A veteran in the field with a long-term vision for the country’s energy security. This, Senator Win Gatchalian said, should be the qualification of the country’s next Secretary of the Department of Energy (DOE).
“Having been at the helm of the Senate Energy Committee for the past six years, I can say that the next DOE secretary should have the following qualities: long term vision, technical knowledge, commitment to energy transition, experience and unquestionable integrity,” he said.
Armed with such credentials, such a person for the job is expected to be a proactive leader at the forefront of the energy sector who can steer government policies that will shield the country from external shocks, Gatchalian added.
In setting a long-term vision, Gatchalian said the incoming DOE chief is expected to be knowledgeable not only about the technical but finance and legal aspects as well, especially given the complex industry now undergoing rapid transformation.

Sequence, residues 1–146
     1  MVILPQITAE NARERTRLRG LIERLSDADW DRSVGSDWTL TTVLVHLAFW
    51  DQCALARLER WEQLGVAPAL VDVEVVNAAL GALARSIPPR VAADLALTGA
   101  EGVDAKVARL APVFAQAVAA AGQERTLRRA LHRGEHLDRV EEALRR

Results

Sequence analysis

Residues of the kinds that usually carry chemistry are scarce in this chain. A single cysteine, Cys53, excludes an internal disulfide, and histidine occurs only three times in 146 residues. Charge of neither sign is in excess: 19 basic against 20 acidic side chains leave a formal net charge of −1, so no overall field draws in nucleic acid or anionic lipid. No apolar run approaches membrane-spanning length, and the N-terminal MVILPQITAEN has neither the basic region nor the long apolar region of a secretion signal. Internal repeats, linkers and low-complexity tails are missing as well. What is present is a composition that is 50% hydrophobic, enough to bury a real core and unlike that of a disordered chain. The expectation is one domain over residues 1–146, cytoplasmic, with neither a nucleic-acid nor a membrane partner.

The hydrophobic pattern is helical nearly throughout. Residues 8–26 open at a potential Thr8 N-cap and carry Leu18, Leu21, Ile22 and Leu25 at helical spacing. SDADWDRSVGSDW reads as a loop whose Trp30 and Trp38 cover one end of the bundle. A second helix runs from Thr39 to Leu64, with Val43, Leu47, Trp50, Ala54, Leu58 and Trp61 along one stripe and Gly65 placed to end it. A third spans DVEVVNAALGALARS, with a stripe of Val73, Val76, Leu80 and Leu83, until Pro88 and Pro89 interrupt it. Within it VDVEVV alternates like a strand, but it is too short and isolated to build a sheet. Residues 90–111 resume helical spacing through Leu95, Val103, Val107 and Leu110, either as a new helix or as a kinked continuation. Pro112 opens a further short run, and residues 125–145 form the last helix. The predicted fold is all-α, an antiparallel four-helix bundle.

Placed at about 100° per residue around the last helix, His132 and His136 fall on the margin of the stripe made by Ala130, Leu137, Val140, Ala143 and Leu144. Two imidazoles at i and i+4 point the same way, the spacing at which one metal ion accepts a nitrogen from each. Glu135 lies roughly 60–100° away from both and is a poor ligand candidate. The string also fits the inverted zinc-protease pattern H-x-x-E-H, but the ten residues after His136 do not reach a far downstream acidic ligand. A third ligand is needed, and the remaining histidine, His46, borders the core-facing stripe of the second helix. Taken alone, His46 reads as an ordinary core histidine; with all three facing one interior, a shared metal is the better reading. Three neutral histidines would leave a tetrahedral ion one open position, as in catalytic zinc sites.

“Based on my experience, expertise on the matters concerning the energy industry should be of utmost consideration in choosing the appointee, especially in a highly technical industry. Energy is not an ordinary sector. You need some level of experience. It’s a difficult sector with numerous intricacies that you have to learn first in order to push for reforms to transform the industry,” the senator explained.
Energy transition is inevitable as the entire world is moving towards such a direction, electrifying everything from cars to other things and opting for renewable resources as their prices are rapidly dropping. And as such, the department should continue with the transition process, he added.
“We need to follow these trends globally and if not, mapag-iiwanan tayo,” said Gatchalian.
Needless to say, Gatchalian further said that experience and unquestionable integrity are top qualifications for the post.
“The job of the DOE is to forecast supply, demand, pricing and global trends. Our country is very susceptible to supply and demand as well as global prices because we import 99% of our oil. Malampaya is depleting and there are other pressing concerns. The job now of the DOE is to come up with solutions ahead of time. We have enacted many laws in response to the emerging trends but if the leadership of the department is not appreciative of reforms and needed changes, then we’ll be doing the same things over and over again,” he ended.